U.S. media focus on Europe’s transition to the euro, Washington doesn’t
seem to understand the full implication of a unified continent across
The adoption of the euro by 12 European countries
signals something far more important than anyone on this side of the
Atlantic seems to realize. Europe is gradually emerging as the world’s
new superpower. Within a couple of decades, the European Union will
equal—if not surpass—the United States as the dominant economic force on
the world stage.
Consider the arithmetic. The U.S. dollar is used by
about 285 million Americans. The euro is beginning to be used by 304
million Europeans with comparable levels of prosperity. When remaining
EU members Great Britain, Sweden, and Denmark join the euro zone, as now
seems inevitable, that sum will rise to 378 million.
And that is just the beginning. Another 12 European
countries are preparing to join the EU. Their accession in the next
decade will bring the total to 483 million, in current figures.
Taking a longer view, Turkey, the Balkans and
eventually Russia enter the picture. Turkey is already in a customs
union with the EU, and German chancellor Gerhard Schroder is advocating
bringing Russia into the fold. For his part, Russian President Vladimir
Putin is likewise tilting toward Europe. Russia is already a member of
the Council of Europe. It is only a matter of time before it joins the
EU. Together with the remaining holdouts, that will bring the total to
roughly 800 million in current terms, almost equal to the population of
India or China.
But the EU is qualitatively different from India and
China. It is enormously more prosperous and technologically advanced. It
encompasses four of the Big Seven economic powers: Germany, Great
Britain, France and Italy.
Geopolitically, it includes a unified Germany in
further union with its historic rivals, France and Great Britain. Add
Russia to the mix and the implications are mind-boggling. Never before
has Europe been united through peaceful means. The emergence of the
continental superpower raises the prospect of a union more formidable
than the United States, stretching from the Atlantic across Eurasia to
the Bering Sea.
So why aren’t we hearing more about it? Because
Washington still doesn’t believe Europeans will be able to overcome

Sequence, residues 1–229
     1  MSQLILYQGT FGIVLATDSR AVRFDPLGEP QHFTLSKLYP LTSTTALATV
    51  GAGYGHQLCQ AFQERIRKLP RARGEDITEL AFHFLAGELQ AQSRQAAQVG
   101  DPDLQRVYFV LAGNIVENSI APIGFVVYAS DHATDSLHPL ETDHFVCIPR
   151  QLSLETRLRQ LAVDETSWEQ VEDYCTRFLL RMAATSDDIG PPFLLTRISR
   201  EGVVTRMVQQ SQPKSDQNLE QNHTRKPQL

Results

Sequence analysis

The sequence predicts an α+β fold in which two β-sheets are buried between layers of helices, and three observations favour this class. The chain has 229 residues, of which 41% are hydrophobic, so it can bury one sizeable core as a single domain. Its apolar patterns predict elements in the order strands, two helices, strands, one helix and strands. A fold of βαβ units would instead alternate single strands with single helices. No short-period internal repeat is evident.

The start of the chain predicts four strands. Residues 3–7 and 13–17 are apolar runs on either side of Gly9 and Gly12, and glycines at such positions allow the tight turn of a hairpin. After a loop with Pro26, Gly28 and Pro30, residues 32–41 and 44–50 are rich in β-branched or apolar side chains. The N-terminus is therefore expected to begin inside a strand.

linguistic and cultural barriers.
Yet border checks have vanished, so that crossing
from one country to another is about as eventful as crossing a state
line in the United States. The EU already has a functioning parliament,
courts, capital city, flag, license plates, passports and now a common
Still, discussions with policy makers and experts in
the nation’s capital make one thing clear: as far as Washington is
concerned, the EU is but an elaborate mirage. Where, after all, is the
European president? The current European executive has 15 heads, a
recipe for gridlock that can only get worse with the admission of more
But even that is about to change. The EU is convening
a constitutional convention under former French President Valery Giscard
d’Estaing to consider a federal structure with an elected president to
complement the existing directly elected parliament.
Cynics will say that even so, Europe will never match
the vitality and the commitment to freedom and free enterprise that has
made the United States the world’s greatest-ever economic and
But all that is changing too. Europe now has its own
bill of rights, and a court in Strasbourg to enforce it. Just as tariff
barriers are vanishing all across the continent, so are the national
monopolies that have until now stifled competition. With a single
currency, reduced telecommunications and transport costs and a market
larger than the United States, vast new opportunities are opening up for
Already, there is a new dynamism in Europe.
Futuristic rail lines are spreading across the continent, whisking
intercity passengers at 185 mph. Cell phones are more ubiquitous than in
the United States. And even Americans are now flying in Airbuses instead
And, if you think about it, the adoption of a common
parliament, bill of rights, and currency by 12 nations with as many
different languages is an even more audacious feat than the union of 13
English-speaking colonies a little over two centuries ago.
(Pacific News Service Associate Editor Andrew Reding
is a senior fellow of the World Policy Institute in New York. A dual
citizen of the United States and the European Union, he recently
returned from a three-month visit to Europe.)